No. "Grace," I told myself. "Just soften your expectations, your attachment to what you think it 'should' be. Continue on with flexibility."

And I did. Even after having to navigate without a visible trail, encountering sleepy & irritated hornets in the tarn field, and battling colder temperatures than I was dressed for, I found myself right where I had intended. 

On the top of a butte, giving Mt. Baker the eyeball, upside down in wheel pose. 

Put your practice to the test. Practice. Off the mat. When you meet resistance, assess your attachments. Remove them. And change course a degree or two. 

You may just end up where you intended. Or like me, in a whole new location, with just as nice of a view.  

Crescent Lunge, Anderson Butte, elevation 5420ft, view of Mt. Baker in the background, photo by Douglas Fitchett

Tuesday, August 27, 2013

Drowning Out Negativity

I am not a destroyer of life. 

This is what I knew when I read the following quote:

“From the backstabbing co-worker to the meddling sister-in-law, you are in charge of how you react to the people and events in your life. You can either give negativity power over your life or you can choose happiness instead. Take control and choose to focus on what is important in your life. Those who cannot live fully often become destroyers of life.” ―Anais Nin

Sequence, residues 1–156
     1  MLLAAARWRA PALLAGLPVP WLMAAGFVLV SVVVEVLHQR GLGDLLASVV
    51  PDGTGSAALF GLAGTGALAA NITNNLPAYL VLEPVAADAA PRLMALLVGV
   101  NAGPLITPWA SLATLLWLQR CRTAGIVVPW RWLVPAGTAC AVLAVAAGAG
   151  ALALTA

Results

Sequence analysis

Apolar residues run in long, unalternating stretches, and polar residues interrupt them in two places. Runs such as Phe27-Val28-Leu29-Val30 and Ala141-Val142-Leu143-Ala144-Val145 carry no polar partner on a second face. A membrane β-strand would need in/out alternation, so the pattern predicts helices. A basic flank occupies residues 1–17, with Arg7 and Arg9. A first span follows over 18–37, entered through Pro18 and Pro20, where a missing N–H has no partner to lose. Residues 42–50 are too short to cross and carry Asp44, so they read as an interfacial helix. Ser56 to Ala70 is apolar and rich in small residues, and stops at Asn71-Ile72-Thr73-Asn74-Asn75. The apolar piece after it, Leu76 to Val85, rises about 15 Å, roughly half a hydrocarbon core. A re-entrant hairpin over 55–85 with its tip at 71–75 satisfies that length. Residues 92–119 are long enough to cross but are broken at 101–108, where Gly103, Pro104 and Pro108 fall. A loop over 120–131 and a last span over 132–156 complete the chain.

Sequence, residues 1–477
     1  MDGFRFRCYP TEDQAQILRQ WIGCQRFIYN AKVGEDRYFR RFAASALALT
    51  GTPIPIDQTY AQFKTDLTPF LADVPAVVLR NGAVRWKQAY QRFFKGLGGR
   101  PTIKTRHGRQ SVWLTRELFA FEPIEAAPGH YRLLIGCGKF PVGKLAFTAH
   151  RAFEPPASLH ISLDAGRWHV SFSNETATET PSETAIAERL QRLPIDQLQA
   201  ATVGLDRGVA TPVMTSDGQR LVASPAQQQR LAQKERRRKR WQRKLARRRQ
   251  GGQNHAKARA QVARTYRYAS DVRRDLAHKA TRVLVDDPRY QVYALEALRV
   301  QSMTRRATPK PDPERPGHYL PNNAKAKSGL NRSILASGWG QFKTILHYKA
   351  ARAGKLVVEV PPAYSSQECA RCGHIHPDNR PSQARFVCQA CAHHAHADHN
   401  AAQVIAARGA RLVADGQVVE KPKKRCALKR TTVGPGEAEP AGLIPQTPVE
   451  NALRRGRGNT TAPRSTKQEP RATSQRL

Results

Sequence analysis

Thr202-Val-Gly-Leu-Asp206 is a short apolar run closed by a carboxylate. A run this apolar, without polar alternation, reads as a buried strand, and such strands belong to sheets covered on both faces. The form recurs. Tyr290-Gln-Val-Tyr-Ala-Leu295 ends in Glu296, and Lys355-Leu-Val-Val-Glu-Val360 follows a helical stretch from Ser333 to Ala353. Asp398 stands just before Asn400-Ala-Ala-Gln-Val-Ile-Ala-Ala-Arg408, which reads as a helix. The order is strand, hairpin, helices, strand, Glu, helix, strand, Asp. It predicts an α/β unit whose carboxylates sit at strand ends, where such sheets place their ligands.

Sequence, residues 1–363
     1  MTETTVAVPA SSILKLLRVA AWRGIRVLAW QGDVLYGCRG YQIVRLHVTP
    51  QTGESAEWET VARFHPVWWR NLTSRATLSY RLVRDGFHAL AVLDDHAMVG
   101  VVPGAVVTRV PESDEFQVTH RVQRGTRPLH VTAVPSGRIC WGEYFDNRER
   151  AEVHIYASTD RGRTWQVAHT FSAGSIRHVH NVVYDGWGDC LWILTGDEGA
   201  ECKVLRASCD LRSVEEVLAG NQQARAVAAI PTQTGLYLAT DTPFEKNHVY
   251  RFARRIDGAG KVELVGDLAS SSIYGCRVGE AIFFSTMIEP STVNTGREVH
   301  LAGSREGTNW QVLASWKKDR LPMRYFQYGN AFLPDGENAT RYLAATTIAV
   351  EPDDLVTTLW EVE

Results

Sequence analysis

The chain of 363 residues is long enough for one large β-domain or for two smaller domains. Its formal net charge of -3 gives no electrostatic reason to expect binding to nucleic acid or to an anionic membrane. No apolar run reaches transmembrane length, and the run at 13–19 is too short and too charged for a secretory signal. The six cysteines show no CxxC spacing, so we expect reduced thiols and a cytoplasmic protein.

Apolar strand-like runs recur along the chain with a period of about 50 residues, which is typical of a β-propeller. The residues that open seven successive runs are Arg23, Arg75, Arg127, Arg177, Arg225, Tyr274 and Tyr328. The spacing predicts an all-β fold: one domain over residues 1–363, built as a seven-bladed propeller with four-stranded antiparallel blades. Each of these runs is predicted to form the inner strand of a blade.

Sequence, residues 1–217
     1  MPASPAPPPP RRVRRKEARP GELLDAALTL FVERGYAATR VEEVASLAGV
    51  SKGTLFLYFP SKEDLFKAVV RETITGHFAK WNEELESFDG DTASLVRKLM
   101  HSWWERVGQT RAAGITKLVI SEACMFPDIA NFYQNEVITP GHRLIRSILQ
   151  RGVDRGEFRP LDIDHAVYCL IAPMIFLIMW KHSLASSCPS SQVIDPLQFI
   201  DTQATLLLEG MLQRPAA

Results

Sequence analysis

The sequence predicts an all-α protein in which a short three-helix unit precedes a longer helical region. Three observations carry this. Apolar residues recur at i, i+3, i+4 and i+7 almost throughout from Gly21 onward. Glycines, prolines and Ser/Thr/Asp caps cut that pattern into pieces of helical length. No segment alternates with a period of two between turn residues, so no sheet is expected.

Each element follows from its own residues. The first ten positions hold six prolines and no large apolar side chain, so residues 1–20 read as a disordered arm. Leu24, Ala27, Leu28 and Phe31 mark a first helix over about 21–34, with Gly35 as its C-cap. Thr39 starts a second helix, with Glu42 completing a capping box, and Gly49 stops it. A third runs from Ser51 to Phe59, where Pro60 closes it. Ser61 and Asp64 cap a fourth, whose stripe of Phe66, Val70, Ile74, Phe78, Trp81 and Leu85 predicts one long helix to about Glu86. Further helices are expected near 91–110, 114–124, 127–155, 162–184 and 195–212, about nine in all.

Anais had taken my attention at that last line. I am not a destroyer of life. I thought about all the times I may have behaved as such. Under the common stresses of raising three teenagers in the nomadic Navy family lifestyle, I have certainly been guilty of such. The stresses had caused many instances of impatience, grumblings, complaints, and dissatisfactions. 

That was the past, I told myself. Certainly, since finding yoga and meditation, I had risen above all that? 

I took inventory of my present self and was surprised to find I needed to do some cleaning up.

This past week for example, I had given much attention to the past. Living in it. Remembering it. Talking about. Arguing about it. I had spent days in private contemplation about it and had spent more than a few hours giving it verbal power. How much negativity had I sent out into the universe? Oh, how I knew then that I had a been a “destroyer of life” as Nin had described. I had taken precious positive interactions away from my children and created negative space between my husband and myself.

So, I flipped it. Instead of reading the part on negativity and thinking about it and perhaps even feeling shame, I just chose to flip it. I attended, then, to the positive message. She says to choose happiness. To take control. To focus on important matters of life.